Access to long-term finance. Malaysia and Thailand have long histories of rubber export cess or levy collection that eventually funded rubber replanting and diversification into other crops. Loans from the World Bank and Asian Development Bank were tapped in the early years for funding and independent progress reviews. Equity funds from overseas helped develop the plantation sector in both Indonesia and Malaysia.  Government banks like Bank Rakyat Indonesia and Vietnam Bank for Agriculture and Rural Development massively provided loans for small holders.

Life cycle management.  Trees in these countries are replanted after the end of their economic life. It is normally 30 years for rubber and 25 years for oil palm. In the Philippines, there is a minimal program of replanting old coconut trees (40 years and over) in part due to lack of funds and weak absorptive capacity. The smallholder rubber industry faces similar resource constraints.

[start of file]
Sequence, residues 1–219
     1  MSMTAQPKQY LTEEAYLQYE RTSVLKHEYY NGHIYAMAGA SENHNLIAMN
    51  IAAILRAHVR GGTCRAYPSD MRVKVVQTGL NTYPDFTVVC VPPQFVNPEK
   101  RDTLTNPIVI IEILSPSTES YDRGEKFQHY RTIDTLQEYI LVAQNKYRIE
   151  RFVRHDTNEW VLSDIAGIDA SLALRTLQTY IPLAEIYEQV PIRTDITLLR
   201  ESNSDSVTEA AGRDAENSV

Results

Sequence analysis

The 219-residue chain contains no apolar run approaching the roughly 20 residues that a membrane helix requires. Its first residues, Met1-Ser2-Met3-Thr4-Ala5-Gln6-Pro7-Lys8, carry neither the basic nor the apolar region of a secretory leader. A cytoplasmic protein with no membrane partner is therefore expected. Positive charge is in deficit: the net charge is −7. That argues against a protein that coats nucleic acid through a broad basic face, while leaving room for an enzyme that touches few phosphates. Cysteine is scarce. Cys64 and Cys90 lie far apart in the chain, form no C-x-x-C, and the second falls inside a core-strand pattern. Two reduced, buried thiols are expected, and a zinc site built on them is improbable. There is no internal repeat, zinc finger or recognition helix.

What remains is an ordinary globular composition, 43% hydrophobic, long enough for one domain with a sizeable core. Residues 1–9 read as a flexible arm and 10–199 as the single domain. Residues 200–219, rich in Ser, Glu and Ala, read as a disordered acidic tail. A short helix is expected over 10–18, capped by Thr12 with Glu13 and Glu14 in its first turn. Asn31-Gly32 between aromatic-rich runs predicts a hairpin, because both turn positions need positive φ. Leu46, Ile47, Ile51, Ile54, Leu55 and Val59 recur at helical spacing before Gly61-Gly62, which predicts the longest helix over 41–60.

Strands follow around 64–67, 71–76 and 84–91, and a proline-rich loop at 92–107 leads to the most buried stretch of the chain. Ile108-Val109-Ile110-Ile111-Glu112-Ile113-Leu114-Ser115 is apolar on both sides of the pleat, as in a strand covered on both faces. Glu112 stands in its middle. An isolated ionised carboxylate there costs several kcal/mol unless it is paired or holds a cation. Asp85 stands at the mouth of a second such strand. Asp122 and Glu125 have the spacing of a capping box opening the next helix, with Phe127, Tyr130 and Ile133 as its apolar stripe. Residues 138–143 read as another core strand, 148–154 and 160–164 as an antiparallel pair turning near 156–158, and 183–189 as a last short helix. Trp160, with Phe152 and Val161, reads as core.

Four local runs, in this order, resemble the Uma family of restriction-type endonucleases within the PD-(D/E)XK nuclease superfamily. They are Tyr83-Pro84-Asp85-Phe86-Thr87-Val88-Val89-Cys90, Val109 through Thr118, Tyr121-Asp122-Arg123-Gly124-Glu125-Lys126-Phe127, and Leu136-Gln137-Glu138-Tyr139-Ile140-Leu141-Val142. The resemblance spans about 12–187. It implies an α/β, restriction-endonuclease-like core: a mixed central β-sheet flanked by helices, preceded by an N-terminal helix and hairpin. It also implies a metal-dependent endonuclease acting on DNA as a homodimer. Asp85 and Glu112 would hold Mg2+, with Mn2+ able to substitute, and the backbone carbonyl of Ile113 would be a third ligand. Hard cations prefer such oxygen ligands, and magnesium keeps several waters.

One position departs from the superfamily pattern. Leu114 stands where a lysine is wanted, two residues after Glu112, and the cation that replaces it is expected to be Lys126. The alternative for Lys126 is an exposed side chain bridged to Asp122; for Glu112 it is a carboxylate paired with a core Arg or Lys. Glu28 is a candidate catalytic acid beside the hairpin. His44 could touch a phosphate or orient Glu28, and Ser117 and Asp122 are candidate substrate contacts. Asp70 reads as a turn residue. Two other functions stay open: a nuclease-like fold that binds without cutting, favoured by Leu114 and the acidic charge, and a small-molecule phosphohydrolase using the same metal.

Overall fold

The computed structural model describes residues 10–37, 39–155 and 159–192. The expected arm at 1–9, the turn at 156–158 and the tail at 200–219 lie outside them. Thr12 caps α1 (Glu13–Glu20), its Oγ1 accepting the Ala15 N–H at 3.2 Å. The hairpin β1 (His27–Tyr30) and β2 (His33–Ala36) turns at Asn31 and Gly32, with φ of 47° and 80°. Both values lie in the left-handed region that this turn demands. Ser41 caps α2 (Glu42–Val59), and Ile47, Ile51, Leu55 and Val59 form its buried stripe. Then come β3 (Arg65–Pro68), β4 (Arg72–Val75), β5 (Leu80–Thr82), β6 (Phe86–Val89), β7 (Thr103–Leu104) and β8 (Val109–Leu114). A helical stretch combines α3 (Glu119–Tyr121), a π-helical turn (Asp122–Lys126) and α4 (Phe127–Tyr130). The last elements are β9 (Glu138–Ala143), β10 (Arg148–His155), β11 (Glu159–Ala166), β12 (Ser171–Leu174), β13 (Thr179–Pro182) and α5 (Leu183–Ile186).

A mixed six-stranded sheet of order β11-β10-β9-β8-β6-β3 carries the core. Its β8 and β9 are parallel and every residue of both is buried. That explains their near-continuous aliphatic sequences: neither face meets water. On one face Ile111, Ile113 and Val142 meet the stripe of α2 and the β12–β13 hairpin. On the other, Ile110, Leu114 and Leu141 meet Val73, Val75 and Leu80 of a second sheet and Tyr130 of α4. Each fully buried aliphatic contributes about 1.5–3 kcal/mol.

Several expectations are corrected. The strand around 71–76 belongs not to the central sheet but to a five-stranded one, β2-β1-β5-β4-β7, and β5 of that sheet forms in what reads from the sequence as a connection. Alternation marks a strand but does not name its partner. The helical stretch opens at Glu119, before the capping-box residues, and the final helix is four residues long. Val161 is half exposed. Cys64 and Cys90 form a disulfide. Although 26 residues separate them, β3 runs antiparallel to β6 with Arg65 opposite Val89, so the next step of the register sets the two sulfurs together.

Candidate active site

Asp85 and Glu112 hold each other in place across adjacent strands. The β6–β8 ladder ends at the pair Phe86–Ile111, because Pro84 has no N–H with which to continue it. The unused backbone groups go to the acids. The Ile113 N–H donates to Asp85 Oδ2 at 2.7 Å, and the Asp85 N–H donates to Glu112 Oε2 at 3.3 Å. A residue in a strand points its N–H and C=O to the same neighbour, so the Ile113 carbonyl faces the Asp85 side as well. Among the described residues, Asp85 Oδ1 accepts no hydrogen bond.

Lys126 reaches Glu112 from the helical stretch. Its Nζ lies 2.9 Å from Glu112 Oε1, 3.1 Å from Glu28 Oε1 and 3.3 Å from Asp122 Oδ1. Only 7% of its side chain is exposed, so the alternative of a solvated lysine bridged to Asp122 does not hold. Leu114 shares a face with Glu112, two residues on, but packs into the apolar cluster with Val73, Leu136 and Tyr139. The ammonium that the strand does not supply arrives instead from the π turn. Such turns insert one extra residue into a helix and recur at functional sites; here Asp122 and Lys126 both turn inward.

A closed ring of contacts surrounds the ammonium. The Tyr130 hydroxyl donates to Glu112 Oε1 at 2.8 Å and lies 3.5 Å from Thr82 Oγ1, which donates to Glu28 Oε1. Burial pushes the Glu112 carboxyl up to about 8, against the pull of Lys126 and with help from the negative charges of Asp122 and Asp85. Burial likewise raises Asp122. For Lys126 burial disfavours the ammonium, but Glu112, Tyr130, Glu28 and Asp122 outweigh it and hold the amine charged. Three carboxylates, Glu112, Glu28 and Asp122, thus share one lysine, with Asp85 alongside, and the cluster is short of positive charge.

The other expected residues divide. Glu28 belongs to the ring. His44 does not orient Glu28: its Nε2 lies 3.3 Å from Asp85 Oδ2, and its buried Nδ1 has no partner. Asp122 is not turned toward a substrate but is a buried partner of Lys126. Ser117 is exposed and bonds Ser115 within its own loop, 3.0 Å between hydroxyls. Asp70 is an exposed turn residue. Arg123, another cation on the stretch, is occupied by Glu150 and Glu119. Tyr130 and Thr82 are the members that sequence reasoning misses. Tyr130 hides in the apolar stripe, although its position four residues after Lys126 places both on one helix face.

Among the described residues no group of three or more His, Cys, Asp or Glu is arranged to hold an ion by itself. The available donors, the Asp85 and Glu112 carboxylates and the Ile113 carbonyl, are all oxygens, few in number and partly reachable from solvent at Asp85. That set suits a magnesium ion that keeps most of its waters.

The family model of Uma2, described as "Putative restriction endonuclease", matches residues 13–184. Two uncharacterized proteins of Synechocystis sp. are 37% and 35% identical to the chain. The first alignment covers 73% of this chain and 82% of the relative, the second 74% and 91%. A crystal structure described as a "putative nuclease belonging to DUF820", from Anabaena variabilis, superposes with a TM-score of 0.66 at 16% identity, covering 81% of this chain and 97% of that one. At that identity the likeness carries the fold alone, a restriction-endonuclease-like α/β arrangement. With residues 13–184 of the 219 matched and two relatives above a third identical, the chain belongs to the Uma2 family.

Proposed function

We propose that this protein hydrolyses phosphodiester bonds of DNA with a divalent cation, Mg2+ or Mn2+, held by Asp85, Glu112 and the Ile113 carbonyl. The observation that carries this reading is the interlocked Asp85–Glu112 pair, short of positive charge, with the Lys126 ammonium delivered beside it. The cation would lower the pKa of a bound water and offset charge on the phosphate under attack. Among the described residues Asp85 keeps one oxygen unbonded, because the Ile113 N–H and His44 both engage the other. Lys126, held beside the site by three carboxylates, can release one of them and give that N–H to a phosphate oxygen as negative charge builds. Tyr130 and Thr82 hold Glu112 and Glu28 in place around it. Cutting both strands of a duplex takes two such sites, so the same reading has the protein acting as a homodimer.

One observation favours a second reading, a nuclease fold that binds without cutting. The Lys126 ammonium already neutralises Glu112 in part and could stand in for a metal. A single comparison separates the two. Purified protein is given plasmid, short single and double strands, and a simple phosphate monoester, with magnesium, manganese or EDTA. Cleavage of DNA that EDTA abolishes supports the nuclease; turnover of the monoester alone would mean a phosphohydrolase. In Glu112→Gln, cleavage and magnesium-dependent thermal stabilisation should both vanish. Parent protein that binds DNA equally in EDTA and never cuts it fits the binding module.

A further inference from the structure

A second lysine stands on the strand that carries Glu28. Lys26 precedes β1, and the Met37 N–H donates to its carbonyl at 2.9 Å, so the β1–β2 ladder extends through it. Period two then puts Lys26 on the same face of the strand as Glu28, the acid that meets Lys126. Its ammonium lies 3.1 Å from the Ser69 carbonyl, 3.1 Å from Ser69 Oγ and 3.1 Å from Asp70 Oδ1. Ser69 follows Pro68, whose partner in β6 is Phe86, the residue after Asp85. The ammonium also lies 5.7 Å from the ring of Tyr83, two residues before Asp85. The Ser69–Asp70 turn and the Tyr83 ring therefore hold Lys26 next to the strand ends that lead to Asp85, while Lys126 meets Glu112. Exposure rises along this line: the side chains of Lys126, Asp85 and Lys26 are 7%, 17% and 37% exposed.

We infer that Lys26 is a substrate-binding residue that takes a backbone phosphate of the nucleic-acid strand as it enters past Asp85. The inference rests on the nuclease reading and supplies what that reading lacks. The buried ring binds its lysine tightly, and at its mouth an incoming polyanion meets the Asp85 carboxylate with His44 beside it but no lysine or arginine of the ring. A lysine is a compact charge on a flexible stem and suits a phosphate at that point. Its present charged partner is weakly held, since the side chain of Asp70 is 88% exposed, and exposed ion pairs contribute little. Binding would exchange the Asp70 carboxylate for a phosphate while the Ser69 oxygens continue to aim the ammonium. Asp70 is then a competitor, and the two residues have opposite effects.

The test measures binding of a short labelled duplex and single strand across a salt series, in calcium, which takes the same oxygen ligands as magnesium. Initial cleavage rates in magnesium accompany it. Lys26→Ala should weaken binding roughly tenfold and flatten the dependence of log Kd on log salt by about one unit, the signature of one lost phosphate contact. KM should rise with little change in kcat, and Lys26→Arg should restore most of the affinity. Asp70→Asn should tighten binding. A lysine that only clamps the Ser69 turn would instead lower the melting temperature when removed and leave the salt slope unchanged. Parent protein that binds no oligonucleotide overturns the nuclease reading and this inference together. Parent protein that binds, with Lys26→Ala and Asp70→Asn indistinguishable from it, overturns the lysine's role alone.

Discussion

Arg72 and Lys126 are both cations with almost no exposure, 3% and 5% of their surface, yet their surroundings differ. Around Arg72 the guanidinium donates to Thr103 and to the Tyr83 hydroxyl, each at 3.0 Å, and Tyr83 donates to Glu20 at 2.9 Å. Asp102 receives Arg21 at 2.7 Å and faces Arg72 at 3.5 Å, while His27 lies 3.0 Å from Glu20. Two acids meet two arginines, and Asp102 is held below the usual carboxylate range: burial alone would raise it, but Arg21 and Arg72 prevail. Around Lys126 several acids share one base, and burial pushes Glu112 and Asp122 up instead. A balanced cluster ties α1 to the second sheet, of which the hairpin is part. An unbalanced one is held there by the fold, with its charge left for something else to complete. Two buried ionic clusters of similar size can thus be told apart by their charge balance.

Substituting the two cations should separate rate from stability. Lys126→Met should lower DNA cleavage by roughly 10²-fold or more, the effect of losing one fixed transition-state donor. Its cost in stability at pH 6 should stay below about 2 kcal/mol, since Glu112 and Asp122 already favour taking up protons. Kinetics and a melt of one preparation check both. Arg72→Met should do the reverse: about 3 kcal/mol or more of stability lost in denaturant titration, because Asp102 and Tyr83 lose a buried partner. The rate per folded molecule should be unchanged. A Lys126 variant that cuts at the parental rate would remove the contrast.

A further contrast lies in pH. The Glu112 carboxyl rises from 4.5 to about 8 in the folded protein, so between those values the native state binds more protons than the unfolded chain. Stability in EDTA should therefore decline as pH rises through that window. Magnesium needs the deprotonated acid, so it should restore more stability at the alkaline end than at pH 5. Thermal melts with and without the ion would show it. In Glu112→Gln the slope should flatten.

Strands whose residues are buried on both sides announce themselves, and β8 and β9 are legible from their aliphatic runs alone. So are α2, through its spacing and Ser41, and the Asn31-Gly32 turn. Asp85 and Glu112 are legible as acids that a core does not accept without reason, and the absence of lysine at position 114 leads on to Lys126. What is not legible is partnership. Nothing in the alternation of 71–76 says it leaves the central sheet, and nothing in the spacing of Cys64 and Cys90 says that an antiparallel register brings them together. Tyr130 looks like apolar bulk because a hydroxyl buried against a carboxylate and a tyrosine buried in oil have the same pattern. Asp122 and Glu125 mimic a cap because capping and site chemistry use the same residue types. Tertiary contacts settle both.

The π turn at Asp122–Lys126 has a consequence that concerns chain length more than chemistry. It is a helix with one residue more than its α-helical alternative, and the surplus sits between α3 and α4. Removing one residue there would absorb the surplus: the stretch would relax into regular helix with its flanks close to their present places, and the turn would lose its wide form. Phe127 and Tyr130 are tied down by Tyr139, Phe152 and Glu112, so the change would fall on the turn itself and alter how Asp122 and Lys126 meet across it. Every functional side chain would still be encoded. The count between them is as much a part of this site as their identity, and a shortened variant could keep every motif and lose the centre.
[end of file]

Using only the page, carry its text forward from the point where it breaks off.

Use of modern seedlings. Cess collection funded rubber research in Malaysia and Thailand. The Rubber Research Institute of Malaysia and its counterpart, the Rubber Research Institute of Thailand, are second to none. Government support was strong in Indonesia and Vietnam. Special mention can be made about the Western Highlands Agro-forestry Research Institute in Dak Lak province, which developed high yielding coffee plants. In the Philippines, most of the seedlings for coconut, rubber and coffee farms are of poor genetics, and therefore, have low productive capacity.

Plantation management. Modern plantation operations owe much to the foreign firms that invested in Malaysia. The schemes under the Felda and Felcra adopted modern plantation practice to land development that brought high productivity and income to the landless and the small farmers. In Thailand, the Office of Rubber Replanting Aid Fund is active in providing technical services to rubber farmers along with the Rubber Research Institute of Thailand. Meanwhile, Malaysia-based corporate plantations transferred their plantation expertise to new lands in Indonesia.